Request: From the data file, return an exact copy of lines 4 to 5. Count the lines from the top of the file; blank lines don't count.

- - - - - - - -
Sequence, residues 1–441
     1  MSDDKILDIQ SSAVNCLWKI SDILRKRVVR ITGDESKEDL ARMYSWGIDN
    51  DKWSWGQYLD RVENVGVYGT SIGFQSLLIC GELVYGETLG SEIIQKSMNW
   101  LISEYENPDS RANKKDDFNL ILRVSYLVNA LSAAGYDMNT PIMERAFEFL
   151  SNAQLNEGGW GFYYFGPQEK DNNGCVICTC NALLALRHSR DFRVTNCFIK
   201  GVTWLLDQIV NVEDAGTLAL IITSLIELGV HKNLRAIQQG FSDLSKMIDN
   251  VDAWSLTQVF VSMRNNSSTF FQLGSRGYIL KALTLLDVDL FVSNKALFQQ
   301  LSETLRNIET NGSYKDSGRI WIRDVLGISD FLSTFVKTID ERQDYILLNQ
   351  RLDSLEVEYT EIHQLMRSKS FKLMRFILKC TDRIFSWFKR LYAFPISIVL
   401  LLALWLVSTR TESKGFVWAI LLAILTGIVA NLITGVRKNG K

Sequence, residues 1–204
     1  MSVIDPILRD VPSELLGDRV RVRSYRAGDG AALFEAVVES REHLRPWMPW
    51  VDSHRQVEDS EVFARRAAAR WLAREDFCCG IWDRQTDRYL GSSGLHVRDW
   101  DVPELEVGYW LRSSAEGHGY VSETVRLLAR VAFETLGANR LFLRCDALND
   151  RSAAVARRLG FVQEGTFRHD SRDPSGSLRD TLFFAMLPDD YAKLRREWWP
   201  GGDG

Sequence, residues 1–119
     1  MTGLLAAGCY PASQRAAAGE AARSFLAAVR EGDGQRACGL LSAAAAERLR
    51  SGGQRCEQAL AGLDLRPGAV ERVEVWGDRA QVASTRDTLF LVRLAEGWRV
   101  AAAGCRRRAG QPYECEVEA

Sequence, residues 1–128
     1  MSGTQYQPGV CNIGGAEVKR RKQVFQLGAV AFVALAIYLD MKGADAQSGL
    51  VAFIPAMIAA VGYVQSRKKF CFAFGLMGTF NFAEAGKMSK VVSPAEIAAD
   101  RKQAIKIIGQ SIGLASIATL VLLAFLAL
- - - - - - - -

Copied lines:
   101  LISEYENPDS RANKKDDFNL ILRVSYLVNA LSAAGYDMNT PIMERAFEFL
   151  SNAQLNEGGW GFYYFGPQEK DNNGCVICTC NALLALRHSR DFRVTNCFIK